My Kids Can't Sleep

My Kids Can't Sleep

A boy walks through a door at night in a dark alley of the Muslim Quarter of Jerusalem.

SourceEthan Welty / Getty

Why you should care

Because all kids have nightmares, but some, unfortunately, are real.

Shoshana Kordova is a former editor and columnist at the Israeli daily Haaretz. Her writing has also appeared in Smithsonian, Quartz and the New York Times blog Motherlode.

I’ve put the kids to bed and am watching a recent YouTube video showing the security camera footage of one of the latest stabbings in Jerusalem, about a half-hour drive from my apartment in Modi’in, when behind me I hear one of my daughters open the door of her bedroom. I quickly, guiltily switch tabs before she can see a man being hacked to death while standing at a bus stop.

“I’m scared,” says my oldest, who’s 8. “What are you scared of?” I ask.

“I’m scared of the Aravim, of the ones who want to kill us,” she says, using the Hebrew word for “Arabs,” a word she’s been hearing a lot at school lately. “Did they come to Modi’in?” she asks. “I know there are good Aravim and bad Aravim, but did the bad ones come to Modi’in?” I freeze for a moment as several thoughts follow one another in quick succession.

I would say yes, pirates are real, but they only attack ships in the ocean, so they’re not interested in coming here. What do I tell them now?

 

I hate that there’s a reason for us to be having this conversation. I cringe when I hear patronizing terms like “good Arabs” and “bad Arabs,” yet I’m relieved that she doesn’t think all Aravim are born with a silver knife in their mouths. I think about repeating our previous conversation about how Jews and Arabs and everyone in the world sometimes do good things and sometimes do bad things and how most people try to do mostly good things but some people do very bad things. I want to be able to say “Everything will be OK” without feeling like a liar.

Until recently, the villains who kept my kids awake were pirates. “Are pirates real?” they would ask again and again. And every time, I would say, yes, pirates are real, but they only attack ships in the ocean, so they’re not interested in coming here. What do I tell them now?

Finally, I say, Jews and Arabs live and work all over Israel. There haven’t been any attacks in Modi’in. Yet, I think (but don’t say out loud). There is no reason my four daughters, ages 2 through 8, need to raise their alert level to whichever color represents paranoia.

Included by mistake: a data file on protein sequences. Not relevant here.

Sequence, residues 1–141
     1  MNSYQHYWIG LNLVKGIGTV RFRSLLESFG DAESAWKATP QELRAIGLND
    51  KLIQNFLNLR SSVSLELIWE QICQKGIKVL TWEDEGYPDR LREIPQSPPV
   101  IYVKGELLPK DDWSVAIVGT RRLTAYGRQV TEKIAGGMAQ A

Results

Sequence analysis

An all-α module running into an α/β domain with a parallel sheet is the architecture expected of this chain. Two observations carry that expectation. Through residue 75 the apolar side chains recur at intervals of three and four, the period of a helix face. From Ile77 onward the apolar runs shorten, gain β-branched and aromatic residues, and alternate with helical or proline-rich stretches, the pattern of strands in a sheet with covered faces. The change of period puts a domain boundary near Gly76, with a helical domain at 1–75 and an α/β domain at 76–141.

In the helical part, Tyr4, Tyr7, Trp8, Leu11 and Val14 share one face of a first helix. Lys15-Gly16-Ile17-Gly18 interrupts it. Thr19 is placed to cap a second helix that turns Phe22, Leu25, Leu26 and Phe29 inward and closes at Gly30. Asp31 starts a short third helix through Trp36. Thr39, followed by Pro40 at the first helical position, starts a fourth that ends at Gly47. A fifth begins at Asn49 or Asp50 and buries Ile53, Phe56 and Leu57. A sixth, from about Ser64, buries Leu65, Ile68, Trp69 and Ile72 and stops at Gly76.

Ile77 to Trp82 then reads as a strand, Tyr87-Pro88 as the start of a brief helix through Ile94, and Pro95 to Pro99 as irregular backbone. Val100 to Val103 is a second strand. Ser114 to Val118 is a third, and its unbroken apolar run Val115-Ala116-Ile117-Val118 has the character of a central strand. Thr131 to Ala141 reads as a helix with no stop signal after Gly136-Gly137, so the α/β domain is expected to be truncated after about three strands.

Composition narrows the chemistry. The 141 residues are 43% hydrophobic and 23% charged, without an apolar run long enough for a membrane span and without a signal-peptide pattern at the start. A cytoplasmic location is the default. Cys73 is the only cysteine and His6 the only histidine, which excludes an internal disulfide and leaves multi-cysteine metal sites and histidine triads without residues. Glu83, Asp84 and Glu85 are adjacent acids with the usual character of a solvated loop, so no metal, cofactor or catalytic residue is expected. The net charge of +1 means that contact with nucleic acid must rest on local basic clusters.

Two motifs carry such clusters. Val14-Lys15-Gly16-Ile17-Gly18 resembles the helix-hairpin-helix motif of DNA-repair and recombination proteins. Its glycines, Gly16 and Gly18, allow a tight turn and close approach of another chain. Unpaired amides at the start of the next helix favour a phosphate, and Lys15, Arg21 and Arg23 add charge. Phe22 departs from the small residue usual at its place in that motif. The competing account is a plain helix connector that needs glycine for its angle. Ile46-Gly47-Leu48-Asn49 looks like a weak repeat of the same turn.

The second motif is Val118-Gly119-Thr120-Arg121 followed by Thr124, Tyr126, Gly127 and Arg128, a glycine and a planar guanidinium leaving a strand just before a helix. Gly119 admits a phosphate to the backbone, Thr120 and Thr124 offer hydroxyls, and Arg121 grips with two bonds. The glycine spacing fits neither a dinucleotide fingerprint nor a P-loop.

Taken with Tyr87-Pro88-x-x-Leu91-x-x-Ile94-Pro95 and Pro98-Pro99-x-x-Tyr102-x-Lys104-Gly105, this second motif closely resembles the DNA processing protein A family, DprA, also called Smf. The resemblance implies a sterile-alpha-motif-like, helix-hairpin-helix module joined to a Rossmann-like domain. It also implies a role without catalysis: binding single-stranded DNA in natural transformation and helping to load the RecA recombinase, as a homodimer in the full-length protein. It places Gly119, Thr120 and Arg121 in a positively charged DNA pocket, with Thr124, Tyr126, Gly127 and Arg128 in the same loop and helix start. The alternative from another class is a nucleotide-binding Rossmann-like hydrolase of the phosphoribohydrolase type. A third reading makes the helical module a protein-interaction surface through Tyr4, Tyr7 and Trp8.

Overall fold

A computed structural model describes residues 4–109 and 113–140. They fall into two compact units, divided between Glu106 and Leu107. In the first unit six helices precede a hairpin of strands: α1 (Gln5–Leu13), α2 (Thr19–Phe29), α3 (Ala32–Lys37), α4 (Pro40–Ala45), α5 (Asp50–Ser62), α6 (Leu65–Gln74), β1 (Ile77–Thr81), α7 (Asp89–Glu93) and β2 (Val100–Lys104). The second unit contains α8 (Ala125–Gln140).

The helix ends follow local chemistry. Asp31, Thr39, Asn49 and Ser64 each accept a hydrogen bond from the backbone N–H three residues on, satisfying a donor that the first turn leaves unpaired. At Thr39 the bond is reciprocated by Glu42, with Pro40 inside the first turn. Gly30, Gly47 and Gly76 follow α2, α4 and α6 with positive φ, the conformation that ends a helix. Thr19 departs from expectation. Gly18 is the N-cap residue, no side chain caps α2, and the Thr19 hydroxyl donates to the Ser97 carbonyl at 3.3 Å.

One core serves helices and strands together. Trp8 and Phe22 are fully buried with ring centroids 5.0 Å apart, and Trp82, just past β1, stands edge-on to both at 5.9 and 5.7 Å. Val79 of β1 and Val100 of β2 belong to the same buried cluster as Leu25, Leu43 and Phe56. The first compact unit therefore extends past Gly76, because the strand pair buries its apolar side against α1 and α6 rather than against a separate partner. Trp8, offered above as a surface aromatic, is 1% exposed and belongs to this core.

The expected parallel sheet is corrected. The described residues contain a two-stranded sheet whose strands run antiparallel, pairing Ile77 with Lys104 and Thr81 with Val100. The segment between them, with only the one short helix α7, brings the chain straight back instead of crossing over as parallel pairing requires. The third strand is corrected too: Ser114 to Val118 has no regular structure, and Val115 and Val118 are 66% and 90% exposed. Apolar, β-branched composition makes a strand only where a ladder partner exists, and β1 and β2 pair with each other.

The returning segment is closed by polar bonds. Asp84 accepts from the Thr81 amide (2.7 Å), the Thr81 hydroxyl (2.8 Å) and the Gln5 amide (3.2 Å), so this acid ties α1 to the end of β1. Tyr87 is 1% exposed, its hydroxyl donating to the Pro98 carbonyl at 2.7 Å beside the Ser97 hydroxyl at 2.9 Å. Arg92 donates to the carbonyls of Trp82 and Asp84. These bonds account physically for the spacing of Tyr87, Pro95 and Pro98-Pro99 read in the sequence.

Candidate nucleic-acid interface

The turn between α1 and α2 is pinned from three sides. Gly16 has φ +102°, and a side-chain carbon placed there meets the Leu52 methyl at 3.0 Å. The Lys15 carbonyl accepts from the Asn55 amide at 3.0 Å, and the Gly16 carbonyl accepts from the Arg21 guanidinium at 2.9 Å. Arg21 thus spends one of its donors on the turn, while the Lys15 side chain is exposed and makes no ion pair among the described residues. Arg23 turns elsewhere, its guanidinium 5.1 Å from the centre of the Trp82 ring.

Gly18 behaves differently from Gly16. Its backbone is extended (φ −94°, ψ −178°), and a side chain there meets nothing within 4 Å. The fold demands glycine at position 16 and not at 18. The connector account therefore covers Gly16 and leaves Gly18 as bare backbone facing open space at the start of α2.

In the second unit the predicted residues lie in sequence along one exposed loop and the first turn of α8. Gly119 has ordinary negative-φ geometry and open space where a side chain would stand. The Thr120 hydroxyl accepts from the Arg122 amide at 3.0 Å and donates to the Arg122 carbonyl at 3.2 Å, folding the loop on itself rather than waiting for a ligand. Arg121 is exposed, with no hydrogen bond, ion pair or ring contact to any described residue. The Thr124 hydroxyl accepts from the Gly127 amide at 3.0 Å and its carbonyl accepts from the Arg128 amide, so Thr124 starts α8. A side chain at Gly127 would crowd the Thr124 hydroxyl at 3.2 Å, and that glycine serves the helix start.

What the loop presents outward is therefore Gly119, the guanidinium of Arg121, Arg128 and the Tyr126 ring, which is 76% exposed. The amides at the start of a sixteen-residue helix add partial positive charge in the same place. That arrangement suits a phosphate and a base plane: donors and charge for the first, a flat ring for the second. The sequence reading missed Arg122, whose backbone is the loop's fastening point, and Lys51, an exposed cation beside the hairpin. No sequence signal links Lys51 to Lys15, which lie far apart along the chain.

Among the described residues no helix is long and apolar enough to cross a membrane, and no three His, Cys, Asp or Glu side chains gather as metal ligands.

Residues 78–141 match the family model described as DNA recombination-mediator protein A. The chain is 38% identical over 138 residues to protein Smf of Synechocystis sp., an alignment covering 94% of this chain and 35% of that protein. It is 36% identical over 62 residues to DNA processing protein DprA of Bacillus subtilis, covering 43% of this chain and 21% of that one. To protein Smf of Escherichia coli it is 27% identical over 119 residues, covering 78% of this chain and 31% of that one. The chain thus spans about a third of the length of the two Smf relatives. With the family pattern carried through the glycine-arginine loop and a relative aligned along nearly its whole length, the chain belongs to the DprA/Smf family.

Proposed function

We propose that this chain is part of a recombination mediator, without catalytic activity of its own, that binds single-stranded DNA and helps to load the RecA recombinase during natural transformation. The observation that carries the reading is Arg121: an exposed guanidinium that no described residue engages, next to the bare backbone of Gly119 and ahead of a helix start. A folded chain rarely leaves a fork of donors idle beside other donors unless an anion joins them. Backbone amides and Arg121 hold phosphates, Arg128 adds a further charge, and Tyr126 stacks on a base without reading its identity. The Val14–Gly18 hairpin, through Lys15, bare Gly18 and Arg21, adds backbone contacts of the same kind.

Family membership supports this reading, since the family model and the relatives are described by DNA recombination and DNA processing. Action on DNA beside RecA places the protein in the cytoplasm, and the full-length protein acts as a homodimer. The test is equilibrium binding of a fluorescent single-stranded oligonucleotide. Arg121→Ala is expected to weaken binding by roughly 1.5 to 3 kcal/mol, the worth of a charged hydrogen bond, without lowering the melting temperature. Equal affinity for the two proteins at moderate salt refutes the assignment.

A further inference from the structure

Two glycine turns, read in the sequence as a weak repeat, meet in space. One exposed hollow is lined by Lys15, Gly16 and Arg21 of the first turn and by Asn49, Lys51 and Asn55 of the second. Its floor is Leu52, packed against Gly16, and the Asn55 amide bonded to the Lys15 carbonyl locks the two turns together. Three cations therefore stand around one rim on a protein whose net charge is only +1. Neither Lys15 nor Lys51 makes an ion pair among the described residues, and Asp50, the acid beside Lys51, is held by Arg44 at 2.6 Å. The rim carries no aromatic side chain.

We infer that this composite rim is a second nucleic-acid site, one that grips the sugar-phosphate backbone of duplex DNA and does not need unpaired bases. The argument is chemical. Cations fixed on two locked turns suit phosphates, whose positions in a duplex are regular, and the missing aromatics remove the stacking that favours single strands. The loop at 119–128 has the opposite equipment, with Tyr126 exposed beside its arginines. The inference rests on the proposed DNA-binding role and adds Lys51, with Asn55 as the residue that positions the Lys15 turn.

The stabbings began in early October, sometimes three or four a day; it has been hard for even those of us who live here to keep track. Someone in town began offering a free self-defense class for women. I signed up. The instructor talked a lot about being alert and running away from a bad situation as quickly as possible. I asked for tactical suggestions about what to do if we’re attacked when we’re out with our kids.

I was hoping for some foolproof plan of action. Like, if an attacker runs at you with knife raised, throw your invisibility cape over all four of your children while deflecting the blow and use the bat signal to summon rapid assistance. If he sneaks up on you with a side thrust and both the cape and the bat signal are in the diaper bag you left at home, then have your 2-year-old and 4-year-old throw a double tantrum at full volume while your 8-year-old plays the flute and your 6-year-old unleashes her best whine. The instructor offered no such formula.

When I worked in a newsroom, keeping up with the latest terror attacks and air strikes and peace plans was part of my job, but my children have a much narrower existence, as children do. They squabble over who gets the white bowl at breakfast or practice judo throws on each other at dinner. But what my children want to know — what they need to know at this point in their lives — is not “What are the proximate and ultimate causes of the Israeli-Palestinian conflict?” but “Am I safe?”

And in response to that question, I’m not sure there is much I can tell them that will really help, any more than there is any one guaranteed way to protect my children. Because as much as parents — especially here in the turbulent Middle East and Paris and San Bernardino — might seek one, there is no magic formula; there are no magic words.

One thing I do know: Next time my kids wake up in the middle of the night, scared that people will kill them, I will do what parents everywhere do: give them a hug and a kiss, tell them I love them and tuck them back into bed.

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